BlackBerry springs surprise with return to profit
Canada's Research In Motion says it sold about 1 million of its new BlackBerry 10 devices, as the company surprised Wall Street by returning to profitability in the most recent quarter.
The earnings provide a first glimpse of how RIM's new touch-screen BlackBerry Z10 is selling internationally since its debut on January 31.
The 1 million sales of the Z10 phones exceeded the 915,000 analysts had been expecting.
The BlackBerry, pioneered in 1999, was the dominant smartphone for on-the-go business people and other consumers before the iPhone debuted in 2007, and showed that phones can handle much more than email and phone calls.
RIM faced numerous delays modernising its operating system with the BlackBerry 10. During that time, it had to dismiss more than 5000 employees and saw shareholder wealth decline by more than $US70 billion ($67 billion).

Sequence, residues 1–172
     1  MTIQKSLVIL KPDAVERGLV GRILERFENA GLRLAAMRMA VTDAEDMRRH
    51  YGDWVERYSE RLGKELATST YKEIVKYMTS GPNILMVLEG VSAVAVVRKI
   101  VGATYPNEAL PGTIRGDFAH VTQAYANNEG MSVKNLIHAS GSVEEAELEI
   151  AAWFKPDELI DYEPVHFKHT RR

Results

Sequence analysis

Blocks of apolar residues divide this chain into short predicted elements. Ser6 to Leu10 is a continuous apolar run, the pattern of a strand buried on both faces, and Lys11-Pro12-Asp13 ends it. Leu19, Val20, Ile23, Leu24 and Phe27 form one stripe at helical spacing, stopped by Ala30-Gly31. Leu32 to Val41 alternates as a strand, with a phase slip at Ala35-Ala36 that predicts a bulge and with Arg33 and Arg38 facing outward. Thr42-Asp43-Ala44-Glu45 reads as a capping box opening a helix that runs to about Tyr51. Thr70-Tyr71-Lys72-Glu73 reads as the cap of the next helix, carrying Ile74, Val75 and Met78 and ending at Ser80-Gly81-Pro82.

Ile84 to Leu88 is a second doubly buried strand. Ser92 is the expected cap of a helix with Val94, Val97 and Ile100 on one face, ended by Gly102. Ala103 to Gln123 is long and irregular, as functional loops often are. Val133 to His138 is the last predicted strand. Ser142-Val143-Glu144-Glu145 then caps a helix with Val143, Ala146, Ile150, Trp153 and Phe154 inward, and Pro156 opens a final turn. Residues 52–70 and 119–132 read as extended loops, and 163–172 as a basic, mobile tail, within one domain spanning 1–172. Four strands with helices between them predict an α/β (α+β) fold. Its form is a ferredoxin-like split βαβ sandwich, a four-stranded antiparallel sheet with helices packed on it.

In the quarter that ended March 2, RIM earned $US98 million, compared with a loss of $US125 million a year earlier.
Revenue fell 36 per cent to $US2.7 billion, from $US4.2 billion.
Despite the sales of the BlackBerry 10, RIM lost about 3 million subscribers, to end the quarter with 76 million.
Bill Kreher, a tech analyst for Edward Jones, called the decline "pretty alarming".
"This is going to take a couple of quarters to really see how they are doing," Mr Kreher said.
RIM, which is changing its name to BlackBerry, said it expected to break even in the current quarter.
"To say it was a very challenging environment to deliver improved financial results could well be the understatement of the year," chief executive Thorsten Heins said during a conference call with analysts.
"I thought they were dead. This is a huge turnaround," Jefferies analyst Peter Misek said from New York.
Mr Misek said the Canadian company "demolished" the numbers, especially its gross margins. RIM reported gross margins of 40 per cent, up from 34 per cent a year earlier. The company credited higher average selling prices and higher margins for devices.